Simcoe—Grey is a federal electoral district in Ontario, Canada, that has been represented in the House of Commons of Canada since 1997.
It was created in 1996 from parts of Barrie—Simcoe—Bradford, Bruce—Grey, Simcoe Centre, Simcoe North, Wellington—Grey—Dufferin—Simcoe and York—Simcoe.
It consists of the municipalities of Blue Mountains, Collingwood, Clearview, Wasaga Beach, Springwater, Essa, New Tecumseth and Adjala-Tosorontio. It had a population of 117,505 in 2001, and an area of 2,515 km².Simcoe—Grey (provincial electoral district)
Simcoe—Grey is a provincial electoral district in Ontario, Canada, that has been represented in the Legislative Assembly of Ontario since 1999.
It was created in 1996 from parts of Barrie—Simcoe—Bradford, Bruce—Grey, Simcoe Centre, Simcoe North, Wellington—Grey—Dufferin—Simcoe and York—Simcoe.
It consists of the municipalities of Blue Mountains, Collingwood, Clearview, Wasaga Beach, Springwater, Essa, New Tecumseth and Adjala-Tosorontio. It had a population of 117,505 in 2001, and an area of 2,515 km².Wellington—Dufferin—Simcoe
Wellington—Dufferin—Simcoe was a federal electoral district represented in the House of Commons of Canada from 1979 to 1988. It was located in the province of Ontario. This riding was created in 1976 as Dufferin—Wellington and renamed in 1977. It was created from parts of Halton, Peel—Dufferin—Simcoe and Wellington—Grey—Dufferin—Waterloo ridings.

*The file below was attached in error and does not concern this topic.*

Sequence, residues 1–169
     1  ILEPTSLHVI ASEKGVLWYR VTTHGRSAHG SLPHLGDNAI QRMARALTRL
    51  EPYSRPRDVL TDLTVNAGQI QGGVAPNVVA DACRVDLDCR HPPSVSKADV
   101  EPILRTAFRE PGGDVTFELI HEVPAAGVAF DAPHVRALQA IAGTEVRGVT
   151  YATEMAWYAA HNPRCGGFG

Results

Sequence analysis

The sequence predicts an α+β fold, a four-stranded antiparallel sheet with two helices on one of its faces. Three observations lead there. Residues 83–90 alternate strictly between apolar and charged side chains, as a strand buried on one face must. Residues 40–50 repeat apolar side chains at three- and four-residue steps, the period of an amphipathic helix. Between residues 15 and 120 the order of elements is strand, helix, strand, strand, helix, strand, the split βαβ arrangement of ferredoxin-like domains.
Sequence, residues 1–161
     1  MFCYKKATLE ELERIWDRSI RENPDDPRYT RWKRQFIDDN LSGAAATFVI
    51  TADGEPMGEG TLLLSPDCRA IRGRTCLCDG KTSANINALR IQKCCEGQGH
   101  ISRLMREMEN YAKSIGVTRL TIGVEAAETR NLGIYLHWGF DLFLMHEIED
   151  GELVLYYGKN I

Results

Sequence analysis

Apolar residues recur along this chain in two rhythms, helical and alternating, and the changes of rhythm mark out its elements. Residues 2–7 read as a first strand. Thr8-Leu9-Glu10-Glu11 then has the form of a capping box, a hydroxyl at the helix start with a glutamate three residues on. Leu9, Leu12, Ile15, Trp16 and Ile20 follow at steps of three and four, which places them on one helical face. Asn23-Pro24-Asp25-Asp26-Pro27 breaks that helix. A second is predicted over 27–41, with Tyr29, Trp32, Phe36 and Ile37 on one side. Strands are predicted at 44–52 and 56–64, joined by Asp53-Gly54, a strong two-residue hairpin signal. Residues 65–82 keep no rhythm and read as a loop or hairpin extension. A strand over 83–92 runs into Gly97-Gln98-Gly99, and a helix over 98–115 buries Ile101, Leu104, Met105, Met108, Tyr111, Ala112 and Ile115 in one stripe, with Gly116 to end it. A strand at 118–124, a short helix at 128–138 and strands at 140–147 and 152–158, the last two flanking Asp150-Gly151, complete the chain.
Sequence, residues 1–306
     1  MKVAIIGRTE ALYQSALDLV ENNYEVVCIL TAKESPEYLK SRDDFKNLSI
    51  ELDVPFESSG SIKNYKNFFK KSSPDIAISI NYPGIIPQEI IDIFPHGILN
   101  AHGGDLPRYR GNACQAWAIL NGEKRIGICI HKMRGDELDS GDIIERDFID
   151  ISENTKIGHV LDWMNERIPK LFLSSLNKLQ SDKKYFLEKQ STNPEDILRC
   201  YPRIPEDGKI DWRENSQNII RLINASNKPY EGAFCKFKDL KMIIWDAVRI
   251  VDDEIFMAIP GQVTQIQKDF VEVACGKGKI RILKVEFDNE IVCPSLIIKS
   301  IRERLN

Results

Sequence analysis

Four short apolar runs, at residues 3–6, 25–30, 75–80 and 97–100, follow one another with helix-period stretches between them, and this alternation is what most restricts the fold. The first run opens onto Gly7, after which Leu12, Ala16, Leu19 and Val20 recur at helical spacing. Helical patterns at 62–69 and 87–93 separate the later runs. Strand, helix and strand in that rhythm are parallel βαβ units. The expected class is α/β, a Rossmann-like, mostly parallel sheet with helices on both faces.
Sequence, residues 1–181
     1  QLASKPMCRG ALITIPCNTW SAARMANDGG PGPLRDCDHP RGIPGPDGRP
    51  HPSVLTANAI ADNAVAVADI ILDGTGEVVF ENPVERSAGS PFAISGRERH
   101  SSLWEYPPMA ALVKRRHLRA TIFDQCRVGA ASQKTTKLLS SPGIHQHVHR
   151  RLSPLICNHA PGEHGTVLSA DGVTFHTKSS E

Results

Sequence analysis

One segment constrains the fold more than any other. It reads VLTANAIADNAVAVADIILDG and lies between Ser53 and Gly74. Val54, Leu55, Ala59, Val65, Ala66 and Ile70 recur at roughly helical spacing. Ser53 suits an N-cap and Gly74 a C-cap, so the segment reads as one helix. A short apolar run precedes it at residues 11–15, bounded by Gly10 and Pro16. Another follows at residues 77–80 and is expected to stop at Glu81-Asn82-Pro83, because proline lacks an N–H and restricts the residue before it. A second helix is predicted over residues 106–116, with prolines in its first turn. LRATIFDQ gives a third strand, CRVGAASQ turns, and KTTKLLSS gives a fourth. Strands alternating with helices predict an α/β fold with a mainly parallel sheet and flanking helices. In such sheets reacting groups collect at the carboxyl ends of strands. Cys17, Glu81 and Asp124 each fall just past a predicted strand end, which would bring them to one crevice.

It consisted of the County of Dufferin, the Townships of Adjala and Tosorontio and the Town of Alliston in the County of Simcoe, and Townships of Arthur, Erin, Maryborough, Minto, Nichol, Peel, West Garafraxa and West Luther, including the Towns of Mount Forest and Palmerston in the County of Wellington.
The electoral district was abolished in 1987 when it was redistributed between Guelph—Wellington, Perth—Wellington—Waterloo, Simcoe Centre, Wellington—Grey—Dufferin—Simcoe and York—Simcoe ridings.York North
York North was a federal riding in Ontario, Canada, that was in the House of Commons of Canada from Confederation in 1867 until 2004.
The federal riding was eliminated in 2003 when it was redistributed between two new ridings of Newmarket—Aurora and York—Simcoe. Another small section was incorporated into Oak Ridges—Markham. The riding covered the northern suburbs of the city of Toronto often including such towns as Aurora, Vaughan, Newmarket, Richmond Hill and Markham. The borders changed often, however, most notably in 1996 when the riding was so altered that it contained very little of the same territory as before.York—Peel
York—Peel was a federal electoral district represented in the House of Commons of Canada from 1979 to 1988. It was located in the province of Ontario. This riding was created in 1976 from parts of Peel—Dufferin—Simcoe, York North and York—Simcoe ridings. It was represented in the House of Commons by Sinclair Stevens of the Progressive Conservative Party during its whole existence.
York—Peel consisted of the Town of Caledon in Peel Region, and the Townships of East Gwillimbury and King and the Towns of Aurora, Newmarket and Whitchurch–Stouffville in York Region.
The electoral district was abolished in 1987 when it was re-distributed between Halton—Peel, Markham, York North and York—Simcoe ridings.York—Simcoe (provincial electoral district)
York—Simcoe is a provincial electoral district in Ontario, Canada, that has been represented in the Legislative Assembly of Ontario since the 2007 provincial election.
It covers part of the region north of Toronto by Lake Simcoe. The riding includes the municipalities of Bradford West Gwillimbury, East Gwillimbury, Georgina and King north of Regional Road 31. It also includes the community of the Chippewas of Georgina Island First Nation Indian Reserve.